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Alexa, how long will it take me to get to Chicago from here?”

This question is not profoundly complex. In many ways, it’s more like a search query, and it shouldn’t have anything to do with A.I. Yet there are several important data points involved, and the Alexa assistant that runs on my Amazon Echo speaker doesn’t know what to do. When I ask this question, the bot tells me to set up my traffic route for a daily commute.

Using the Google Assistant bot on the new Google Allo messaging app, things are a little different. Questions like this lead to much better results. Google has spent the last 18 years parsing the data for search queries. The Assistant knows I live outside of Minneapolis. It can easily calculate the miles and therefore the travel time.

I am trained as a journalist, so I don’t have any formal training in A.I. That said, I’ve been testing hardware and software for the past 15 years. I know a good bot when I see one. They are helpful, provide a seamless experience, think through things quickly, have some practical features, and can mimic human behavior. Use whatever definition of A.I. you want, but the truth is, the consumer understands A.I. to be a thinking machine. When the machines doesn’t think, it’s not A.I. As an example: When I tell Alexa to turn off the lights at night, that’s helpful. When I ask her to tell me the population of Austria, that’s a neat trick. However, when I ask her to name the smallest country by population, she balks. Why is that? The Google Assistant knows the answer (the Vatican), because it’s smarter — it has parsed my query for other users a million times since 1997.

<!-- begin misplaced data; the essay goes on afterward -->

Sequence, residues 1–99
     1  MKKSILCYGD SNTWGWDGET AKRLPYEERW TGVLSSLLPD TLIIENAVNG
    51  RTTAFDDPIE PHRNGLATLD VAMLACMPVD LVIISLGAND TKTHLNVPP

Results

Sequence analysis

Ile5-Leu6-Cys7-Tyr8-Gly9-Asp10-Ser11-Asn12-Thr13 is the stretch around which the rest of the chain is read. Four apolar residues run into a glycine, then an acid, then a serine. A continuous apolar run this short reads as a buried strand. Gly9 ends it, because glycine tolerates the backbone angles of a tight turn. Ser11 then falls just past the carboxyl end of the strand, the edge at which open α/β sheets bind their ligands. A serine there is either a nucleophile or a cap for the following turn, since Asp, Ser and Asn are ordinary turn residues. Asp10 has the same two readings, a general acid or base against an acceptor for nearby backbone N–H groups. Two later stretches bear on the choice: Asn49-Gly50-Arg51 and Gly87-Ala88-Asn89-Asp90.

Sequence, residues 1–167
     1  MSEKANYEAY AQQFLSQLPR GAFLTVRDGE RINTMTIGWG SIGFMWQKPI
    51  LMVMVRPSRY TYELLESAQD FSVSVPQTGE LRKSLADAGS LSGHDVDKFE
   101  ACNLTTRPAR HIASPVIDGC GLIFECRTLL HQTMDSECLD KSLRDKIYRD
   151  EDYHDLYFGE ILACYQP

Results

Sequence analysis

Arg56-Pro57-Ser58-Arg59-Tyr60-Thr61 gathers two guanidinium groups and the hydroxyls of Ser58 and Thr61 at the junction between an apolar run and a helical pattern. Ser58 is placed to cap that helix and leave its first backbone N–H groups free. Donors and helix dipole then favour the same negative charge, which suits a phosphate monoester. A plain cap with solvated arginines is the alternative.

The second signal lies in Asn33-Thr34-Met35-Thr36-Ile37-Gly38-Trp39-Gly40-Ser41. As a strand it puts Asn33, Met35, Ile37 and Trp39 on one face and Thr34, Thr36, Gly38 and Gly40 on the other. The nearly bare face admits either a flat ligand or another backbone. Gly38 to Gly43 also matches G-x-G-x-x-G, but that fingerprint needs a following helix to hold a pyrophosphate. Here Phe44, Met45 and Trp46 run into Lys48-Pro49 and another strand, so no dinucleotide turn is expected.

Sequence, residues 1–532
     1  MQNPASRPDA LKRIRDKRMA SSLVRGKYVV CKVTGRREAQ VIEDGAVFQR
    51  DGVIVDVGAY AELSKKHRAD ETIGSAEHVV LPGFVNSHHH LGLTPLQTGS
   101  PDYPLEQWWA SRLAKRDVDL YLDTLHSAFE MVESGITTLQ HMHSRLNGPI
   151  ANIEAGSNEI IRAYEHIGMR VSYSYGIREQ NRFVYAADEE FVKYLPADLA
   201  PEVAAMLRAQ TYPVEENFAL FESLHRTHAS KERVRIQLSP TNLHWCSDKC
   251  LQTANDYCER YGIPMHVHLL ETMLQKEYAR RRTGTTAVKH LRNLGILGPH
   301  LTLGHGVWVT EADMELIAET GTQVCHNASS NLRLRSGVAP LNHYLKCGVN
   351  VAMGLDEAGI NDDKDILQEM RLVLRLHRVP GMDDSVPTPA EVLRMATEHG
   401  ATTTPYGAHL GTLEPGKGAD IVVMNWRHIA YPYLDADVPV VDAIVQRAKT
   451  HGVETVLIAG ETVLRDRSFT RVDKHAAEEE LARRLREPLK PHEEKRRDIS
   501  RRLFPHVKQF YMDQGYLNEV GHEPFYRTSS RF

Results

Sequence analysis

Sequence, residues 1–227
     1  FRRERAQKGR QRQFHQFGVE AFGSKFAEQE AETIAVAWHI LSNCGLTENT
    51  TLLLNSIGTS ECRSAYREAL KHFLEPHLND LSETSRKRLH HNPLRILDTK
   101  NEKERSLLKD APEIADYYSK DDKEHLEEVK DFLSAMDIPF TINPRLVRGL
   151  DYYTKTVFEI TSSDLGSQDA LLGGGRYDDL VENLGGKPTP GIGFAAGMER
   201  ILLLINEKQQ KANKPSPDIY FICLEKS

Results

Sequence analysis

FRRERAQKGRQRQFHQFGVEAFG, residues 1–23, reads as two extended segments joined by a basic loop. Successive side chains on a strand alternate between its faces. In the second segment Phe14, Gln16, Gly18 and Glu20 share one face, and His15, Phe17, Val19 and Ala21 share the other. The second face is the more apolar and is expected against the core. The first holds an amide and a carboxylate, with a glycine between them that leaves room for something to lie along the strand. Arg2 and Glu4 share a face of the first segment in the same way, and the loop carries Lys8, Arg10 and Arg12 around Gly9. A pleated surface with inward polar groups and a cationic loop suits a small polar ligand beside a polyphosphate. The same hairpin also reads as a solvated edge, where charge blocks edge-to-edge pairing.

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One of the key differences between the Assistant and Alexa is that Google understands context. If I ask about the Minnesota Vikings and then follow that query by asking about “the quarterback,” the Assistant will know I’m interested in hearing more about Sam Bradford. When Alexa tells me it is Teddy Bridgewater, she is technically correct (but woefully out of touch) — e.g., he is injured by still considered the main quarterback. However, when I ask “When was he born?” Alexa doesn’t respond.

Even more importantly, the Assistant can understand the context of a human-to-human relationship. While discussing the Vikings on the Allo app with a friend today, I tagged @Google and asked about the traffic around the game. Amazingly, this worked. The traffic is congested today. The Assistant knew I was talking about the Vikings game, which takes place in Minneapolis. This contextualization tells the user there is some thought behind the machine, that the Assistant is not a glorified search engine. It helps that the Allo app also understands me when I press the microphone button and talk. It helps that Google already knows where I live. Alexa has dozens and dozens of skills — I’ve tested everything from checking the front door lock in my house to ordering a pizza — but the bot is not that adept at free-form conversation, contextualizing, or handling search queries. It has a long way to go before it starts acting like an A.I. machine.

That said, I’m sure Amazon is continually working to improve this bot. I like that Alexa has tentacles around so many things — audiobooks, shopping, and even narrative-based games — which all hits home my point about what makes a machine intelligent. After a few weeks, you get used to talking to Alexa, and you start seeing the bot as a trusted accomplice.

Apple Siri, the Google Assistant, and Alexa are the three best examples of A.I. bots today, at least in terms of providing real assistance and building consumer trust. There are far better bots (IBM Watson comes to mind), but I’m starting to use the Assistant almost daily, and I already rely on Siri (when I’m mobile) and Alexa (when I’m at my desk). They will only get smarter and more helpful with time. For now, I’m turning to the Assistant for the toughest and most challenging questions. I’ll keep reporting on how that all goes.

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